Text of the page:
• Liver health

    • Kidney health

    • Loss of bone density


People who won’t have to pay anything for PrEP: 


  • Those who have federal health insurance. This includes indigenous people (with status), members of the armed forces, and refugees. 

  • If you are under 25, starting January 1st PrEP will be free through the new OHIP+ program 

  • If you are 65 or over, are on ODSB, or Ontario Works, PrEP is covered through the Ontario Drug Benefit People who will pay a deductible for PrEP: 

  • If you don’t have private insurance or federal insurance and are between the ages of 25 and 64, you can get PrEP through Trillium. This will require you to apply to the program and pay a deductible based on your income. 

  • If your private insurance plan pays only a certain percentage of your prescription (such as 50% or 80%), you will have to pay the rest. If PrEP costs $200 per month, and your insurance pays 75%, you pay $50 per month.

To get started with accessing PrEP, visit a healthcare provider you are comfortable returning to, as taking PrEP requiring you to return for regular checkups (every three months). Your family doctor is best, although sexual health and community clinics can provide you a prescription to begin PrEP. As can walk-in clinics, though returning to them for check-ups can be tricky.

What is PEP?

  • Post-Exposure Prophylaxis (PEP) is a four-week daily dose of anti-HIV medications (in pill form) that can potentially stop HIV infection after exposure.

  • PEP must be started within 72 hours of exposure.

  • The sooner you start taking it the better.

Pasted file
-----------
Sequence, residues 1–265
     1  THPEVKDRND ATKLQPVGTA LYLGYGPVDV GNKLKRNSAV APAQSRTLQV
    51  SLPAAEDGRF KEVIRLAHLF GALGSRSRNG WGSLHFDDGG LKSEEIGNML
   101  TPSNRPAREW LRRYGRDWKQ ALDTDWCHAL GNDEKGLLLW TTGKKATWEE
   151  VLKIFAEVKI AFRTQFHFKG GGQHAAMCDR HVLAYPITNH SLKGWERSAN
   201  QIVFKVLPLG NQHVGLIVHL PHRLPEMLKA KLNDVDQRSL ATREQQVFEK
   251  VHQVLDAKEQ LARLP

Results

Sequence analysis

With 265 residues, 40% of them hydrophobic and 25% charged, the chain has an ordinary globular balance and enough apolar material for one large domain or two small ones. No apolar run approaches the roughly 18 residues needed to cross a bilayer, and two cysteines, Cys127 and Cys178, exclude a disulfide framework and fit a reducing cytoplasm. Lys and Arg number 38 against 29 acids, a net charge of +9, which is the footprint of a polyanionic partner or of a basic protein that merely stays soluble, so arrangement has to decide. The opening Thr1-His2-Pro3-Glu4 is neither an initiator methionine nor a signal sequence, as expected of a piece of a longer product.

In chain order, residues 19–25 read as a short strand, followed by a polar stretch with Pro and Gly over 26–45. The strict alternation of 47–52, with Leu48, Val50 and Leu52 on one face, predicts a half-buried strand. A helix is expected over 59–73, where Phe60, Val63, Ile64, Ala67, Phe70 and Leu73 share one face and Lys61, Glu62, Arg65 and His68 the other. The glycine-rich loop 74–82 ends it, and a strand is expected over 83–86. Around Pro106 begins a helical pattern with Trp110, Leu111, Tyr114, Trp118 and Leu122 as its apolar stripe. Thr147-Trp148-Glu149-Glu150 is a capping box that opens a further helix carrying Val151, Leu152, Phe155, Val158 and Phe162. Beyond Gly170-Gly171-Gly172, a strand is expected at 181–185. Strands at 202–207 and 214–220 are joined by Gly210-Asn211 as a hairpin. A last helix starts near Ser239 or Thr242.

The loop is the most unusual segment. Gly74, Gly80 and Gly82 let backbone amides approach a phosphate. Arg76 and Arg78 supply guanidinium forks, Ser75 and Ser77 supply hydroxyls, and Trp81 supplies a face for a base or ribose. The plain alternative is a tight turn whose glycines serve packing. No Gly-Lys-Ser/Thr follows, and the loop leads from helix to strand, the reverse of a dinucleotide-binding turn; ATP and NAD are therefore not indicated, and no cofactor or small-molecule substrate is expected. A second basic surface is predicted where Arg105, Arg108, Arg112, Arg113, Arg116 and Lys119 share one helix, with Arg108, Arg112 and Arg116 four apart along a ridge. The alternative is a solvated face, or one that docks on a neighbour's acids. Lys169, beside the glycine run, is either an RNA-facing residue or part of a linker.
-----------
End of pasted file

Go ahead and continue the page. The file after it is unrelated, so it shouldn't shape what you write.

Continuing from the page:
When should I get PEP?

You should consider getting PEP to stop HIV as soon as possible if you have:

  • had a condom break during anal, vaginal, or front hole sex

  • had anal, vaginal, or front hole sex with no condom, or;

  • shared syringes for injecting any substance.

Accessing PEP is especially important when you know your partner has HIV. It's often appropriate in cases when you don’t know their HIV status as well.

You may also need PEP in a situation where there is a risk to you for HIV because of a sexual assault or because of an accident at work, usually in a medical or EMS work setting. 

What do I need to get PEP?

1. A prescription (as soon as possible from someone who can write one). As with other medications you can’t walk into a pharmacy or hospital and simply buy PEP. You need a prescription, and in order to get that, the doctor who can give it has to be satisfied that you:

  • have had an exposure to HIV;

  • are not already living with HIV;

  • will be able to take the full four weeks of the medication (not start and stop it for whatever reason), and;

  • have disclosed all other medical conditions, medications or hormones you may be taking.